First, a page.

Ergo, in eight weeks, It’s All Over. Giad, Roa Gracia, and Wald all commit to doing whatever it takes to destroy Morpho before that happens. But with the losses they’ve sustained and the multiple battle fronts they must maintain, and untouched Legion factories working at full capacity, eight or eighty weeks might not make any difference.

Additionally, even the combined air forces of the three nations simply don’t have the firepower or range to do anything about Morpho, which means the only possible way to take it out is with a ground assault…over 100km into Legion territory.

Suddenly backed into a wall, Giad no longer has the luxury of keeping the Eighty-Six out of the fighting (if they wanted out; they of course don’t). I doubt any of the five of them are the slightest bit surprised it’s come to this. Could Giad have had more options now had they taken Shin’s warnings about the Legion seriously?

Perhaps, but the sheer scale and scope of their utter hosedness means any positive benefit probably wouldn’t have been enough. The Eighty-Six remark how Giad has a well-trained military, who are holding together in spite of the dire situation—unlike San Magnolia, which they imagine would fold like a bad poker hand).

But Giad has no one in their military as good at doing This Kind of Thing as the Eighty-Six and Lt. Shinei Nouzen. When brought before the general and told to point out where the Legion currently are on a map, Shin obeys, officially confirming his psychic powers. Lt. Col. Wenzel goes to bat for Shin and his comrades, yelling on his behalf about how unfair this is.

But the general, and indeed the entire Federacy’s hands are tied. In this situation, the Eighty-Six are all they’ve got. Were they to send their own forces into such a mission, not only would it definitely be suicide, but it would undermine what little morale remains in the military. They can’t afford that kind of storm of resentment that could lead to widespread mutiny and chaos, even in a force as disciplined as Giad’s.

On the ride back to base, Wenzel tells Shin that it’s not too late to back out of this, and even if he does participate and emerge victorious, he should quit the military immediately after. Shin doesn’t want to hear it. The one thing he and no other Eighty-Six wants is anyone’s pity, especially if that pity and vanity is being used to dictate how they should live their lives.

If Shin and the others are monsters, they’d rather remain monsters than become something else, for as young as they are, it’s too late to be anything else. They learned that well enough during their “honeymoon” period in the Giad capital, trying to live “normal” lives.

With the voices of all the Eighty-Six he mercy-killed as well as the Major always in his head, Shin will never, ever let someone fight or die in his place, they way the Republic did with him and his friends. Oh, and did I mention lil’ Lena has been sending Shin searing hate mail with her cutesy kid stationary for killing her brother? Yeah…that’s happening too.

Not surprisingly, Raiden, Anju, Theo and Kurena feel the same way as Shin: If they run, they’ll be no different from the white pigs. While the rest of Nordlicht squadron skulks out of the ready room after the briefing, the five Eighty-Six basically shrug it off as Just Another Job, and then laugh and joke on their way to dinner.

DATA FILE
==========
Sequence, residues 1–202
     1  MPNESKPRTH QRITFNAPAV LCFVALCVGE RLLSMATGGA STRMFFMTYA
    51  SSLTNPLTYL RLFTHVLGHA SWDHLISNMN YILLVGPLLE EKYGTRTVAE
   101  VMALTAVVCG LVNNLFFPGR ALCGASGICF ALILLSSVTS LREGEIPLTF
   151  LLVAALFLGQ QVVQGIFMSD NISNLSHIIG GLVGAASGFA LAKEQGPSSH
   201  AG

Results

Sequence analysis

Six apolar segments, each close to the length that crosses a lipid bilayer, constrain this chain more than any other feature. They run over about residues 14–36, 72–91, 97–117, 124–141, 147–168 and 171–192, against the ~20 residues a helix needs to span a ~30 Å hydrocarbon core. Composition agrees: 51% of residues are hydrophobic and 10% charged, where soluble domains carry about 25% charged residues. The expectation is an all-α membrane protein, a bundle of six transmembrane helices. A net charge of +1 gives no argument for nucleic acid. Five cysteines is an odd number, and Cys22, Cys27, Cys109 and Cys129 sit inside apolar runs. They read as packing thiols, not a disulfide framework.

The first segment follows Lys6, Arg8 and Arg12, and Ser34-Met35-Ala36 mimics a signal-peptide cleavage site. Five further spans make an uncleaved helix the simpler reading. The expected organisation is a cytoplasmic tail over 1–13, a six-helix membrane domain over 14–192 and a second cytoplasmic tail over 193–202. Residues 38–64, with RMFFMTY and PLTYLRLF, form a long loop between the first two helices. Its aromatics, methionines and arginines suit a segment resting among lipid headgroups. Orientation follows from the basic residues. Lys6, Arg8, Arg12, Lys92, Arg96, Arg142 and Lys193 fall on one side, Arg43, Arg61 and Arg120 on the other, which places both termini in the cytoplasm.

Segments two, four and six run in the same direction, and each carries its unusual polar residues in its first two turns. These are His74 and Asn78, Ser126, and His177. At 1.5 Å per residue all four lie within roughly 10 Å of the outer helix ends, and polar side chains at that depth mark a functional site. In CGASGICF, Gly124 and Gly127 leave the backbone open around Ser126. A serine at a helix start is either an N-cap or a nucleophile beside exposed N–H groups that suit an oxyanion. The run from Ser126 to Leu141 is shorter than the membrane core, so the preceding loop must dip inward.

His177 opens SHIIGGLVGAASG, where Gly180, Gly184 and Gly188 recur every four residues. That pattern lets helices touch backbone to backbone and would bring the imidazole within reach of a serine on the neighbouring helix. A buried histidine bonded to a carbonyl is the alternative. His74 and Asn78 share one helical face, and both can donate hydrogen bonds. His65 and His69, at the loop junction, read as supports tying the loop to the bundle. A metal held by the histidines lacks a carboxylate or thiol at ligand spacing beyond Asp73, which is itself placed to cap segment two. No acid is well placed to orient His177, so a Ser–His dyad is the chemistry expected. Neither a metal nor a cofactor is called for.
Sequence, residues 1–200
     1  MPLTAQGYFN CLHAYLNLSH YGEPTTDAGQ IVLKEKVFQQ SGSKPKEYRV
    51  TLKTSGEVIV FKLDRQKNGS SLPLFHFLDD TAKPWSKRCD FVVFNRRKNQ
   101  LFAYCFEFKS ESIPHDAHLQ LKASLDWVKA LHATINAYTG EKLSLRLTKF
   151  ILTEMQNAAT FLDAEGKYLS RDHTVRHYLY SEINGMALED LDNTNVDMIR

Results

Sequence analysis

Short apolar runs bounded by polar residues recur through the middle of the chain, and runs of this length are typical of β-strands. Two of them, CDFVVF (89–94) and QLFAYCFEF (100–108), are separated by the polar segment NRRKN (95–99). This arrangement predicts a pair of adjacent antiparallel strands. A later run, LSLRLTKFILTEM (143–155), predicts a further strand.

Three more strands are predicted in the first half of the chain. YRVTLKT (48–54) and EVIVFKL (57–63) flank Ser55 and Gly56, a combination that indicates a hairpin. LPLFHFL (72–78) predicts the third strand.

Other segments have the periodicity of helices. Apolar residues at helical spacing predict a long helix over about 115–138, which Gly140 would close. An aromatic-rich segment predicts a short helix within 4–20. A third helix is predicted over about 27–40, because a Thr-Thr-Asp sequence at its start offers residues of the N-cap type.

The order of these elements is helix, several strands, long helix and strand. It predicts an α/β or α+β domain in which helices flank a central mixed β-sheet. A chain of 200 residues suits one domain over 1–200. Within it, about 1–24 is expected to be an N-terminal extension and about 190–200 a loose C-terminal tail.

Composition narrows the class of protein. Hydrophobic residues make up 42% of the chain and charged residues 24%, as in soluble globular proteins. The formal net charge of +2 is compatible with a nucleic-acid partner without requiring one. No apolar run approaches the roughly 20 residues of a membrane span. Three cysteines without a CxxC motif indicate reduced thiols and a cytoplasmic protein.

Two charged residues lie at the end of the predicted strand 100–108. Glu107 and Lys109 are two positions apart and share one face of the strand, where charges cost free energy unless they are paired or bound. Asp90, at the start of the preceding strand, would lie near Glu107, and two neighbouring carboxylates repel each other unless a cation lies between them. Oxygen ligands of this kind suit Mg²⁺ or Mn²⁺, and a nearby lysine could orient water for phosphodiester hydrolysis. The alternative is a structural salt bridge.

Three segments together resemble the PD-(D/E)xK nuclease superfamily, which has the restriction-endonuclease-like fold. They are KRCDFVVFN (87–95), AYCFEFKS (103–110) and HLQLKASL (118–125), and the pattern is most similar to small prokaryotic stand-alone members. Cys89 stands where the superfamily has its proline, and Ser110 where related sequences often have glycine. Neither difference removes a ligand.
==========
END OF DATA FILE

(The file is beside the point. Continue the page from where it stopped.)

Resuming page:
This newest development is simply nothing new for them. They’ve been sent on suicide missions their whole lives. Nothing to be done here but wait for zero hour, strap into their Juggernauts, and get to work. Only this time, at least, it’s for the sake of a country that might just be worth saving.

That same day, September 2, we see the aftermath of the Legion assault on the capital of San Magnolia, which is a smoking, crumbling ruin devoid of life, as well as one big obvious metaphor for the cost of hubris. The final gut-wrenching shot is one we’ve seen dozens of times throughout 86’s run: that of Lena’s bedchamber.

The glass box containing the little drawings of the Eighty-Six lost under her command remains on the windowsill, but that’s not necessarily a sure sign that she’s dead somewhere in the city. More concerning is the fact Shin had a brief encounter with her in his visions.

Still, the show is officially being coy about her fate, and I for one am holding out hope that she and her sciencey frenemy are still breathing out there somewhere…and maybe, just maybe she and Shin will finally meet in person someday, when all this Legion unpleasantness is over.

86 – 04 – Your Names.

After Theo lays into Lena for her hypocrisy, Raiden asks that she cut the connection for now. While Theo went too far, no one is in the mood for another “friendly chat” with her. Theo ends up regretting his rant for “tainting” Kaie’s death, making him no different from the white pigs.

After Anju, Kurena and Rekka grab Theo and mend his jacket button, he heads to the hangar to ask Shin what the “Fox commander” would have said to the Handler, a white pig who thinks she’s a saint for getting all buddy-buddy with them. As he secures a scrap of Kaie’s Juggernaut, Shin simply says the commander wouldn’t have said that.

While Theo’s comrades help him to process his grief and rage, all Lena’s “best friend” Annette has for her is pudding and platitudes. I’m not here to say Annette is a coward or a monster—it’s not that simple—but she is an unapologetic cog in a monstrous machine, believes there’s “nothing she can do” to change that, and strongly suggests Lena give up on the 86, and join her at the lab.